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Informatics in Education, 2005, Vol. 4, No. 2, 307–319

  • 2005 Institute of Mathematics and Informatics, ilnius


Mini-Projects Development in Computer Science – Students’ Use of Organization Tools


Department of Science Teaching, Weizmann Institute of Science Rehovot 76100, Israel e-mail: zahava.scherz@weizmann.ac.il


Department of Computer Science, Holon Academic Institute of Technology Department of Science Teaching, Weizmann Institute of Science Rehovot 76100, Israel e-mail: bruria.haberman@weizmann.ac.il

Received: 09 2005

Abstract. This paper describes a study aimed at identifying different profiles of students’ project development processes. Specifically, we assessed the use of abstract data types for the development of knowledge-based projects.

The concept of abstract data types was introduced to high school students who took the course “Computer Science-Logic Programming”. During their studies the students learned and practiced various tools and methods of project development, one of which was based on the use of abstract data types as tools for problem solving and knowledge representation.

To this end, a one-day workshop for team development of mini-projects was organized, and the whole development process was audio and video documented, categorized and analyzed. The pro- files of team behavior in the project development process were specified. The analysis of the profiles resulted in identifying four types of project development teams, all of which employed some or- ganizing tool in developing their projects. Two types of the developing teams used abstract data types and two used other methods. The findings indicated that the process of project development of those who used abstract data types was more structured and more organized than others.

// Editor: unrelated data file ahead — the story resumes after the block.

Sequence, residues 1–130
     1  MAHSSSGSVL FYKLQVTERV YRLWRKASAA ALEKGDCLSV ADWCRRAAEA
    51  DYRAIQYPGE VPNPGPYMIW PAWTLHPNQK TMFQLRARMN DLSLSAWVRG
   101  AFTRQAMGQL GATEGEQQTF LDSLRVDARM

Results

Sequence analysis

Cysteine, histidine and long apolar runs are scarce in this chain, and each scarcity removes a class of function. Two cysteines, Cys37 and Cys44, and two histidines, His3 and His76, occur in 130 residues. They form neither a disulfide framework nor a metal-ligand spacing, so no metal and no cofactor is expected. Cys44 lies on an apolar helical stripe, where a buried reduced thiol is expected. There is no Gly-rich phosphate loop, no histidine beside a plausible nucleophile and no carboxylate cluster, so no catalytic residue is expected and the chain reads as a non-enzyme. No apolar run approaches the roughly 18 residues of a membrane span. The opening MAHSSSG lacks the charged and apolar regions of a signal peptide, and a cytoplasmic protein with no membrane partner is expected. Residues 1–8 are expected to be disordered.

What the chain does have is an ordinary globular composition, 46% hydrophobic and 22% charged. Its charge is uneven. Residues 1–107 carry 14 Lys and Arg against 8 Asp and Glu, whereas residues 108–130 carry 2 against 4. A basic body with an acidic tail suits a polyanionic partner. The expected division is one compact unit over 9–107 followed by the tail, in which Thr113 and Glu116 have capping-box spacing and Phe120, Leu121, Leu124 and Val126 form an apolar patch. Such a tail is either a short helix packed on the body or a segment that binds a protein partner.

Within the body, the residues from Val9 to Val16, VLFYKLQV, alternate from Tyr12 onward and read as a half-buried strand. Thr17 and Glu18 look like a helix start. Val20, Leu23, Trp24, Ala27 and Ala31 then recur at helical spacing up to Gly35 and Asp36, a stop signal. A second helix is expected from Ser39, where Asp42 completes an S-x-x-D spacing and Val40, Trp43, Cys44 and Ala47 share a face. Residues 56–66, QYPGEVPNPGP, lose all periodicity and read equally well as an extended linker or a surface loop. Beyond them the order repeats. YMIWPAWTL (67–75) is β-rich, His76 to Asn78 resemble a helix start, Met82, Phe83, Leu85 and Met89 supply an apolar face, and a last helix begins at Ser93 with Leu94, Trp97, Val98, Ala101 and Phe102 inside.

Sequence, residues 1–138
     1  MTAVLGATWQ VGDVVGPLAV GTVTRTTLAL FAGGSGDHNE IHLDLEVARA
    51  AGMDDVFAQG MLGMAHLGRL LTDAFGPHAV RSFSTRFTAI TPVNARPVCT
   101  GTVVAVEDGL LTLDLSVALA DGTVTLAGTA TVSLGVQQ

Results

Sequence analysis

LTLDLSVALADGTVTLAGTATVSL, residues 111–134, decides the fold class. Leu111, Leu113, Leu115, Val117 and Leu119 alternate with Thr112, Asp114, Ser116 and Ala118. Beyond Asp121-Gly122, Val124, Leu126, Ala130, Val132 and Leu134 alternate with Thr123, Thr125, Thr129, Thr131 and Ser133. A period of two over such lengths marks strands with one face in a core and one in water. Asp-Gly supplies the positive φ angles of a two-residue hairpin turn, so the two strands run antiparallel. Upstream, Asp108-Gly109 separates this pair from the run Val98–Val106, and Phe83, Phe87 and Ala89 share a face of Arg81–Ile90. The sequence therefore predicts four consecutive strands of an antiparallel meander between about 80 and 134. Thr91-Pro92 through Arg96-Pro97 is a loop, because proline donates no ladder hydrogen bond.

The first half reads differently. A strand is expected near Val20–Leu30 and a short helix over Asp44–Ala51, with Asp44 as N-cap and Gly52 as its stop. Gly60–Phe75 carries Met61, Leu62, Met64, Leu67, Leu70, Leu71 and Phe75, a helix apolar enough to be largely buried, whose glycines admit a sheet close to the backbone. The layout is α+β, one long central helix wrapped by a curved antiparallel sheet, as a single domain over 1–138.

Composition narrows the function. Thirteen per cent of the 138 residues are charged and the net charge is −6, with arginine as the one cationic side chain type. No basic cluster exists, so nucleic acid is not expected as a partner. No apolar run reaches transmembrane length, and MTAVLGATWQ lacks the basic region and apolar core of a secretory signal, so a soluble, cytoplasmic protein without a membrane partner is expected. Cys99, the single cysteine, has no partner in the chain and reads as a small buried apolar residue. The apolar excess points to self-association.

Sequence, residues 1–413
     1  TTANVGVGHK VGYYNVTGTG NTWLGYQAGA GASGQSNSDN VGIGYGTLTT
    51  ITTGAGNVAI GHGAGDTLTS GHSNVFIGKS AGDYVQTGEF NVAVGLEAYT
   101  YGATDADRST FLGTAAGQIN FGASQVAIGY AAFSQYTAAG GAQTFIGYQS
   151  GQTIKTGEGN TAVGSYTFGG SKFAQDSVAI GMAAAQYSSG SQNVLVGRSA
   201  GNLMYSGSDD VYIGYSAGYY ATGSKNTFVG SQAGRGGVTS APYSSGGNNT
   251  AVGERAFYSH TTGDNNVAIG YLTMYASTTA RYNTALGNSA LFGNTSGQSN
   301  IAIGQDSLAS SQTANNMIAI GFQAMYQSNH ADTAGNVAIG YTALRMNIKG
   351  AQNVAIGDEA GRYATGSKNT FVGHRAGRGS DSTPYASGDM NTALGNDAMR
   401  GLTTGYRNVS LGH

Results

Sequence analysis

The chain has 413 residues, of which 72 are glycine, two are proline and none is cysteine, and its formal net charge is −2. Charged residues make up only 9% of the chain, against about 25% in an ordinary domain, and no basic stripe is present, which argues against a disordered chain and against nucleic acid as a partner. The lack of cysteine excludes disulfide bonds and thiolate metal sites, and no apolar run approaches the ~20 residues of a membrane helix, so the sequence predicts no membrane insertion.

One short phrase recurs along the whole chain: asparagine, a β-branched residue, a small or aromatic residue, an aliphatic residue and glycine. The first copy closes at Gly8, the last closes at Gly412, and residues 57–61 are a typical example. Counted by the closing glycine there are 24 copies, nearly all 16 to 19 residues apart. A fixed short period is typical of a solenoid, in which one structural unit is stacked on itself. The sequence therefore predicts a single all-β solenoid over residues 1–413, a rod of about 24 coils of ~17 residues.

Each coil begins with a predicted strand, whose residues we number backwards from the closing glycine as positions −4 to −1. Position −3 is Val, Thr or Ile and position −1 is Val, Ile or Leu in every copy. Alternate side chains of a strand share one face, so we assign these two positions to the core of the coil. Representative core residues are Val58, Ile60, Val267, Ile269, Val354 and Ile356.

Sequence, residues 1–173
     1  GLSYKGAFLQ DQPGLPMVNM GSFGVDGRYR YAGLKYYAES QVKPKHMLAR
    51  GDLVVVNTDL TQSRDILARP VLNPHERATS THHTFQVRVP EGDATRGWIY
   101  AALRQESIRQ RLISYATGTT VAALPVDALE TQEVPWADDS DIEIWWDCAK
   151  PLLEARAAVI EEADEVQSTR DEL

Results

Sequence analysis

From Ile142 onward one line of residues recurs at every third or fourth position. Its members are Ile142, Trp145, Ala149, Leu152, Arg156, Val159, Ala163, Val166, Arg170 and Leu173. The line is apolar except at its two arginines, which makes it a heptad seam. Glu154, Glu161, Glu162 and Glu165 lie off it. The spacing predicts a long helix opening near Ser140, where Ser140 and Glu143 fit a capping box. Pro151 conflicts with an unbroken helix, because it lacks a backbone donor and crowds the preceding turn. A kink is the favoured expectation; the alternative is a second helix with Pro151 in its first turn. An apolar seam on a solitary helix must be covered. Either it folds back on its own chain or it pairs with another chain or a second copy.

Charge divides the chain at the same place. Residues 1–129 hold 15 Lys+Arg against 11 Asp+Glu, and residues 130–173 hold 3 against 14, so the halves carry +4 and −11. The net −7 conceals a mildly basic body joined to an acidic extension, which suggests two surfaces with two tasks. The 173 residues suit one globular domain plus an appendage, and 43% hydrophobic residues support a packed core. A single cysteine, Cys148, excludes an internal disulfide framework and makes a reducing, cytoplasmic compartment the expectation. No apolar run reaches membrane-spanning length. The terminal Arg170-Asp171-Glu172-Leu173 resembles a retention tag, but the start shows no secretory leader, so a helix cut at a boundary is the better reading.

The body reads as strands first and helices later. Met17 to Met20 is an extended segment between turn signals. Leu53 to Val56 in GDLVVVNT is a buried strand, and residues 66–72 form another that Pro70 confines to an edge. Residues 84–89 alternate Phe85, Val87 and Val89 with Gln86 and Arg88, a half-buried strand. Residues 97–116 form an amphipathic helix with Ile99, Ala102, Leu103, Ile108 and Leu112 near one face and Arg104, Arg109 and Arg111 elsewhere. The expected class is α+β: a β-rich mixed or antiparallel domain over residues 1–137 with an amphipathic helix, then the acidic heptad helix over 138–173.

Key words: abstract data types, mini-projects in computer science, project organization tools, logic programming in education.

1. Introduction

A new curriculum in Computer Science (CS) that combines both conceptual and practical issues has been implemented since 1990 in Israeli high schools. One specific goal of the curriculum is to provide the students tools that will enable them to understand the functionality of computer systems and the process of software design (Gal–Ezer et al., 1995; Gal–Ezer and Harel, 1999). This goal can be achieved by incorporating project work into the curriculum (Gal–Ezer et al., 1995; Fincher et al., 2001). The academic CS

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